Quantifying the link between local structure and cellular rearrangements using information in models of biological tissues
Machine learning techniques have been used to quantify the relationship between local structural features and variations in local dynamical activity in disordered glass-forming materials. To date these methods have been applied to an array of standard (Arrhenius and super-Arrhenius) glass formers, where work on “soft spots” indicates a connection between the linear vibrational response of a configuration and the energy barriers to non-linear deformations. Here we study the Voronoi model, which takes its inspiration from dense epithelial monolayers and which displays anomalous, sub-Arrhenius scaling of its dynamical relaxation time with decreasing temperature. Despite these differences, we find that the likelihood of rearrangements can nevertheless vary by several orders of magnitude within the model tissue and extract a local structural quantity, “softness,” that accurately predicts the temperature dependence of the relaxation time. We use an information-theoretic measure to quantify the extent to which softness determines impending topological rearrangements; we find that softness captures nearly all of the information about rearrangements that is obtainable from structure, and that this information is large in the solid phase of the model and decreases rapidly as state variables are varied into the fluid phase.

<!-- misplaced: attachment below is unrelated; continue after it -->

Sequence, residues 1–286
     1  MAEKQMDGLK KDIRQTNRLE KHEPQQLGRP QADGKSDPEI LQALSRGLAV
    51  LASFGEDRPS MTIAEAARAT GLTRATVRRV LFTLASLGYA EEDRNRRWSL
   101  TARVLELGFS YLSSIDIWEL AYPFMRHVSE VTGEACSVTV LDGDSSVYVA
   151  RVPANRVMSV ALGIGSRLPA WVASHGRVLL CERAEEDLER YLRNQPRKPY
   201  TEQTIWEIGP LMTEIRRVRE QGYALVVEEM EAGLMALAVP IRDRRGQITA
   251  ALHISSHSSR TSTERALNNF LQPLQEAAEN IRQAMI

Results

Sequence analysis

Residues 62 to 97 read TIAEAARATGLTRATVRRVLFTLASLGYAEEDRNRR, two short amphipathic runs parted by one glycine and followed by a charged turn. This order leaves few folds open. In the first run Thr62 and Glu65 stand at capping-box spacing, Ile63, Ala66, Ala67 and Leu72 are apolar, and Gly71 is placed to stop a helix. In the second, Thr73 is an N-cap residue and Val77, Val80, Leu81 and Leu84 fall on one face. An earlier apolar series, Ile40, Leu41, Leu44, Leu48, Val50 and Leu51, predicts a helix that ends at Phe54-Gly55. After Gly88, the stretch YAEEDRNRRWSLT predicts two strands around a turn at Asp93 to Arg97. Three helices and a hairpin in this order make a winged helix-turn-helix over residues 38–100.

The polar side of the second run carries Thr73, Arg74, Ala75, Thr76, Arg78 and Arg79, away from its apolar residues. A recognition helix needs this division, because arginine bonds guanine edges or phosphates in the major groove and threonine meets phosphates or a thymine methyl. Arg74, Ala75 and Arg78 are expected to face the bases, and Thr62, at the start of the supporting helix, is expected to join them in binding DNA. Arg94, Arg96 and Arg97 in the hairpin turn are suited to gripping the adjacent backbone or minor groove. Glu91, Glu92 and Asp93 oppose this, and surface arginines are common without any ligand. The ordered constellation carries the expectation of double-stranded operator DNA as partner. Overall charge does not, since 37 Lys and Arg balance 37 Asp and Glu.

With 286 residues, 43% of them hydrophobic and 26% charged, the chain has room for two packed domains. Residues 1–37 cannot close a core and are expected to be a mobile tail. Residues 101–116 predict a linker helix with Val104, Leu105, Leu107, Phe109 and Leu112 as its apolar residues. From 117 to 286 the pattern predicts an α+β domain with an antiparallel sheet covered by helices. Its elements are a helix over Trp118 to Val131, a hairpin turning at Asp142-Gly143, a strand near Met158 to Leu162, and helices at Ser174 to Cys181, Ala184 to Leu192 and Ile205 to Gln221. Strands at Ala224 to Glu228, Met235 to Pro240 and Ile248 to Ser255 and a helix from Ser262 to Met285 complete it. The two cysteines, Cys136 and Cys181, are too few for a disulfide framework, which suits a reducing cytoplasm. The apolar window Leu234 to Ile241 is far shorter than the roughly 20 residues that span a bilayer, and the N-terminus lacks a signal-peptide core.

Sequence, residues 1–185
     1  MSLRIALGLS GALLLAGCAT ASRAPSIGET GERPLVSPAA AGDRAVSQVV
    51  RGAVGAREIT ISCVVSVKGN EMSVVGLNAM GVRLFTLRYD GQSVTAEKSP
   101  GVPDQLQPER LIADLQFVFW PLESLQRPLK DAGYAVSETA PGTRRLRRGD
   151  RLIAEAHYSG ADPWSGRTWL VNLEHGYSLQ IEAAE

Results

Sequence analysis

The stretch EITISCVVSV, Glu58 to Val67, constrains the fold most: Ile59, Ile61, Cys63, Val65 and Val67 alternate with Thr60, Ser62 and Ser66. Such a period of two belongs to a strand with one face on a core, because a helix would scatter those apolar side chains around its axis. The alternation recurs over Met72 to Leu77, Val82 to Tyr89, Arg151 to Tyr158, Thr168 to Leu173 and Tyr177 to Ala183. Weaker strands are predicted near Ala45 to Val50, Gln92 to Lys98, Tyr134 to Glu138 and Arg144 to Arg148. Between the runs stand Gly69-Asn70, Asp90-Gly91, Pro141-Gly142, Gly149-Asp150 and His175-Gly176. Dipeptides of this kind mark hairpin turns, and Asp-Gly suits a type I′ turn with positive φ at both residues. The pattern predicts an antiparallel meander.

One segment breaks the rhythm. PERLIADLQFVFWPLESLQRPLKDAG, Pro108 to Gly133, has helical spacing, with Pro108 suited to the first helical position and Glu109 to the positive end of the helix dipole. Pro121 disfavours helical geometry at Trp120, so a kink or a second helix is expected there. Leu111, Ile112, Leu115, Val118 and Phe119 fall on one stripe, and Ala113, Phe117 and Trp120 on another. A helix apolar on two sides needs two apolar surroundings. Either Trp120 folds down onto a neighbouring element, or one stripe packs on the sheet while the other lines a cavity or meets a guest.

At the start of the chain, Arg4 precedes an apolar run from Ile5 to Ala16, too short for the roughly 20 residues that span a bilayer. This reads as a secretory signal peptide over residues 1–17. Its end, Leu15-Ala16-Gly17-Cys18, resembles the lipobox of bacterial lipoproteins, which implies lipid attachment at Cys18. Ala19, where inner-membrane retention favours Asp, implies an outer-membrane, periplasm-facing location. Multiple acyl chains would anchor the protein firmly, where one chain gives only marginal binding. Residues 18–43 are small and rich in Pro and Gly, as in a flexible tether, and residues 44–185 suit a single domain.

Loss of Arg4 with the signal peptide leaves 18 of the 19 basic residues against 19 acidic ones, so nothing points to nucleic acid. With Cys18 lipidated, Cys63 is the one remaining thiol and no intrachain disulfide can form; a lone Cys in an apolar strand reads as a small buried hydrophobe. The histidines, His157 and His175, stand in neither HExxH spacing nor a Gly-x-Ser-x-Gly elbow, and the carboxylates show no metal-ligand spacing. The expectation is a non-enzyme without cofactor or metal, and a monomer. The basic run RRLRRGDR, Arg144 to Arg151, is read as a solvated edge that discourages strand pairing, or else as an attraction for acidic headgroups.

- This article is part of the themed collection: Force transmission by nonlinear biomaterials